Thus, as tytus stated, this chip hashing at full speed would likely require some 2x-10x more power, making the TDP 120-600w.  However, if the process were 28-45nm, a TDP close to that quoted by BFL may be possible, but it seems unlikely they have access to such an advanced fabrication method (which would require tens of millions of dollars in investment to get off the ground, most likely).

See also: http://cis.poly.edu/cs2214rvs/powers03.htm

So, the power claims by BFL are actually dubious... which is not surprising, given the 6x difference in power for their BFL single unit between quoted and actual.  This is all pretty suspicious.  If BFL really wanted to keep the user informed, they could at least give the process they're working on, the transistor count, fab location, etc like a real company that does chip fab, but so far all they're giving us is a place to send money to them and a hashing speed.

Further, BFL may risk patent infringement if they use published technical methods for the ASIC circuit designs.  But since BFL has said mostly nothing about the way it works, who knows?

edit: 10 BTC says they're just reselling CAST's ASICs for SHA256


Code:
ASIC Technology
                  max f (MHz)    Logic Area (um2)   Number of eq. gates
UMC 0.18 μm       280            250,040            20.5 K
TSMC 0.09 μm      500            50,800             18.0 K

So there you go, it's probably on TSMC 90 nm.  If this is the case then the 2.5 W of draw for the jalapeno is probably not true at all.

Code:
XMR: 44GBHzv6ZyQdJkjqZje6KLZ3xSyN1hBSFAnLP6EAqJtCRVzMzZmeXTC2AHKDS9aEDTRKmo6a6o9r9j86pYfhCWDkKjbtcns
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September 10, 2012, 09:35:56 PM
 #7

1. jalapeno will not be only USB powered
2. FPGA's use 45nm (or lower) technology and hardcopies of that also

=> they will probably use an altera hardcopy as the current models are based on altera FPGAs.

But the power problem remains. The hardcopies are apparently not more power efficient. This would question the idea of providing a Mini Rig SC as it would consume 40 x 1kW [if it would be based on FPGAs ... and if hardcopies consume as much power].
tacotime
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September 11, 2012, 02:13:17 AM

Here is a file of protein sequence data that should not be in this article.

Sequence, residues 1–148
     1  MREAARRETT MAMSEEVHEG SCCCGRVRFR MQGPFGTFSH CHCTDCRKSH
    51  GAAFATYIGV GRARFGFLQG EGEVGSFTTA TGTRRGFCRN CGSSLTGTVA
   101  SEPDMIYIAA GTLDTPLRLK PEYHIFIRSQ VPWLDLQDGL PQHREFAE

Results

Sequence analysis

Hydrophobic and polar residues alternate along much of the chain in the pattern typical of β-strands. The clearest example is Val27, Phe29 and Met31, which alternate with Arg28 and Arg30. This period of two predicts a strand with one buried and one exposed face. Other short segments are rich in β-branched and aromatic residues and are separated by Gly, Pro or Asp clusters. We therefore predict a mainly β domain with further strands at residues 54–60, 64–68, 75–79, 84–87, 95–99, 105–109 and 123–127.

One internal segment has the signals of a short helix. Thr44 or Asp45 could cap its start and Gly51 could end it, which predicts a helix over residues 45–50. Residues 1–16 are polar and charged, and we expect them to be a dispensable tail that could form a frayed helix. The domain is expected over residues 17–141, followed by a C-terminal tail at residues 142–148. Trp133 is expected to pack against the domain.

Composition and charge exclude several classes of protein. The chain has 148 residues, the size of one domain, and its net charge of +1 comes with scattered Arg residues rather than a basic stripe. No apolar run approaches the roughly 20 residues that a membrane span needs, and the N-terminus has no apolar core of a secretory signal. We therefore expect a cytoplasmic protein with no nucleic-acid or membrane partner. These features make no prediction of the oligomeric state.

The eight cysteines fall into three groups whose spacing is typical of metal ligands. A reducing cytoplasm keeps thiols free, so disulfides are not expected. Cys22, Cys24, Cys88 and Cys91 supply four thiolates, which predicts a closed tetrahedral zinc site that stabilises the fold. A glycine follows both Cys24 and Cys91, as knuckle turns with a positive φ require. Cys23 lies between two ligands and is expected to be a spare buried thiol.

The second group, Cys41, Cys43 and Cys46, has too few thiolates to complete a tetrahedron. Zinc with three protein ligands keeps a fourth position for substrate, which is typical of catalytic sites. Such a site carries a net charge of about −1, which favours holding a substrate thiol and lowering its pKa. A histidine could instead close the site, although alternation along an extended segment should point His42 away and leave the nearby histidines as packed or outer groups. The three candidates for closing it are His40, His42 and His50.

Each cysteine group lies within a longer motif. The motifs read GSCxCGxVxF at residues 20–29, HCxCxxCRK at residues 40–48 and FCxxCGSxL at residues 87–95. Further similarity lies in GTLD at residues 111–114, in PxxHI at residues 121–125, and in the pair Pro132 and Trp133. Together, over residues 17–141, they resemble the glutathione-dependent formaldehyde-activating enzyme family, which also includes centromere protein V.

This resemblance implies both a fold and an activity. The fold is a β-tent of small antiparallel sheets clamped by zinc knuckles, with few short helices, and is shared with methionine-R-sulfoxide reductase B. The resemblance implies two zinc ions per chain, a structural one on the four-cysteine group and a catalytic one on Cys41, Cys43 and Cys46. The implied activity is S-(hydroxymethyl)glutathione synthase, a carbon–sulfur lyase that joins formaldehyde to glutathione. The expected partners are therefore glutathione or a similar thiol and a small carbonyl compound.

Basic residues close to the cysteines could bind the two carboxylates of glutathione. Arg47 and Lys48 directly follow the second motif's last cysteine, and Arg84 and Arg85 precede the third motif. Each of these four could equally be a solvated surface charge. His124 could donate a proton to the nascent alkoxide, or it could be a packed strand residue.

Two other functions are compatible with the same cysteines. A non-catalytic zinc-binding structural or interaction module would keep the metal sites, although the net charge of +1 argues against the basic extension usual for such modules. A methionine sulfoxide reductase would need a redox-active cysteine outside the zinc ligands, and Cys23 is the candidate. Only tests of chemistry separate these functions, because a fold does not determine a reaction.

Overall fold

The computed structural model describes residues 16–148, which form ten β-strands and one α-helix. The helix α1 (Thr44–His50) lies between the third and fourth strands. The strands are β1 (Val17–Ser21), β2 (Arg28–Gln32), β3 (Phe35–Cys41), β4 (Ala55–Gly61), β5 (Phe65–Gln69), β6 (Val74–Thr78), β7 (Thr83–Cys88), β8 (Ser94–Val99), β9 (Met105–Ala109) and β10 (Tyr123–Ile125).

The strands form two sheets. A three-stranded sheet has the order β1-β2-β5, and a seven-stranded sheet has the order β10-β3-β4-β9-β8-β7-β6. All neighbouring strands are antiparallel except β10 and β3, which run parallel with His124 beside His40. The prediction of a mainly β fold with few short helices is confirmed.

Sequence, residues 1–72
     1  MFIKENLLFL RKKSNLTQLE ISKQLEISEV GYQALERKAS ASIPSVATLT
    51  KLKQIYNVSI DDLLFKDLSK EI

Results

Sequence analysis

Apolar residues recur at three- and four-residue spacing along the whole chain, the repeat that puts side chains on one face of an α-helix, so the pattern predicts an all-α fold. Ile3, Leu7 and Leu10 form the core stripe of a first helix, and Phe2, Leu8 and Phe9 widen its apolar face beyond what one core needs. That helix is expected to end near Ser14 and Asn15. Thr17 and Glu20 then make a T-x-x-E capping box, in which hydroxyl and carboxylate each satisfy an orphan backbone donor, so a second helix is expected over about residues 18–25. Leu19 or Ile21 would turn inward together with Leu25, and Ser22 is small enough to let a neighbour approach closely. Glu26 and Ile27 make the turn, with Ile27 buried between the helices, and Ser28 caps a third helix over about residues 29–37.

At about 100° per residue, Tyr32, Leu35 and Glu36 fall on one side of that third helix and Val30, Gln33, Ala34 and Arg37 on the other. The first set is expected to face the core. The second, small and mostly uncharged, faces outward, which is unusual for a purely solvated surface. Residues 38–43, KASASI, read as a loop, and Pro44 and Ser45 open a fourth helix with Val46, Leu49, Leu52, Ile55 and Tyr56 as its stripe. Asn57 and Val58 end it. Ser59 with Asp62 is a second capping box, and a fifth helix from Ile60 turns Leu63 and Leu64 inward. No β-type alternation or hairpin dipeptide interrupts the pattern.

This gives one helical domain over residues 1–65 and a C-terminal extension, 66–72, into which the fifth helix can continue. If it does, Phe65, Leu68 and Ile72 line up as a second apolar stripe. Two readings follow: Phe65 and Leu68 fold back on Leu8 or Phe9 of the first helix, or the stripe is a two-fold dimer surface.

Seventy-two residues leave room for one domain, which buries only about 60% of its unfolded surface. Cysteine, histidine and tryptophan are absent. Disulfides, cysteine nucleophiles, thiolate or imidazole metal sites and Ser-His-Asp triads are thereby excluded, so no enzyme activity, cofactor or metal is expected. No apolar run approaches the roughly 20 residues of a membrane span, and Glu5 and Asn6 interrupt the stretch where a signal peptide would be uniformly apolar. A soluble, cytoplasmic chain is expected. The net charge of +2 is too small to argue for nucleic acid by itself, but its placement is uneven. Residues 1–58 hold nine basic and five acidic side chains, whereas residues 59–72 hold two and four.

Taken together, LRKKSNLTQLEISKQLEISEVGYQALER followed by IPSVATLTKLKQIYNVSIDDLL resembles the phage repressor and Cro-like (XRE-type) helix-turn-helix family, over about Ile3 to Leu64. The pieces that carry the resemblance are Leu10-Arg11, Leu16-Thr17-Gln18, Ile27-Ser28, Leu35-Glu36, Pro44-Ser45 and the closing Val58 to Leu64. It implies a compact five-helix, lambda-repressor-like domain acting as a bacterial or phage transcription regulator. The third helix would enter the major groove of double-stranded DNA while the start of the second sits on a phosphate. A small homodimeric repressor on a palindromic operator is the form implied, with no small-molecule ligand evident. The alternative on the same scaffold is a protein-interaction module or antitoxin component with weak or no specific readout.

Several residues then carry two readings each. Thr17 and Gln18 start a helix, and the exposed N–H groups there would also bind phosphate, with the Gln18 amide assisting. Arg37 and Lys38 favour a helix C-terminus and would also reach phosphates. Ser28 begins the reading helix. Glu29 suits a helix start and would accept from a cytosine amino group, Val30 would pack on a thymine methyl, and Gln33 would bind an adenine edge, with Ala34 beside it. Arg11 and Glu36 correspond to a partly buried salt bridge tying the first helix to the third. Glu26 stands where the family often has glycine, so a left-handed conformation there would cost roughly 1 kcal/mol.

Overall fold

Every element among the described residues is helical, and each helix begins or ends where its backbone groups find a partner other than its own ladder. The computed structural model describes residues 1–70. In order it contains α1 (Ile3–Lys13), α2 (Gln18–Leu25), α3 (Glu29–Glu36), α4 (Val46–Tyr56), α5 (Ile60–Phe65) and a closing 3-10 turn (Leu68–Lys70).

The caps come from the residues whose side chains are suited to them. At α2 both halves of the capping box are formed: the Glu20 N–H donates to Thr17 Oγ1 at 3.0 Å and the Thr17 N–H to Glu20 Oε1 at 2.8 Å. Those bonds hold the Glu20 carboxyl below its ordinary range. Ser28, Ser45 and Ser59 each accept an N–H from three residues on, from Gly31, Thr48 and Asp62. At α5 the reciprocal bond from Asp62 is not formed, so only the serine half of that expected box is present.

#8

1. jalapeno will not be only USB powered
2. FPGA's use 45nm (or lower) technology and hardcopies of that also

=> they will probably use an altera hardcopy as the current models are based on altera FPGAs.

But the power problem remains. The hardcopies are apparently not more power efficient. This would question the idea of providing a Mini Rig SC as it would consume 40 x 1kW [if it would be based on FPGAs ... and if hardcopies consume as much power].

If Altera HardCopy is used it will be on 28nm, with a maximum of 11.5M gates, or a maximum hash rate of 12.35 GH/s at 1 GHz, but these run at 400-700 MHz typically.

If this really is the case, the power usage will not be much less than the corresponding ASIC.  Altera themselves state, "Average of 50% performance improvement over corresponding FPGA, average of 40% less power consumption compared to corresponding FPGA."  Thus, from a hash/s/w standpoint, the ASIC would be about 200% greater than the corresponding FPGA.  A by-hand design like that of CAST's ASIC would be the only ASIC able to really deliver the kind of power consumption BFL has been hinting at.

Code:
XMR: 44GBHzv6ZyQdJkjqZje6KLZ3xSyN1hBSFAnLP6EAqJtCRVzMzZmeXTC2AHKDS9aEDTRKmo6a6o9r9j86pYfhCWDkKjbtcns
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September 11, 2012, 03:43:10 AM
 #9

tacotime: I think the power claims made by BFL are absolutely plausible. 700 Mhash/Joule is doable at 65nm, check the math here: https://bitcointalk.org/index.php?topic=95762.0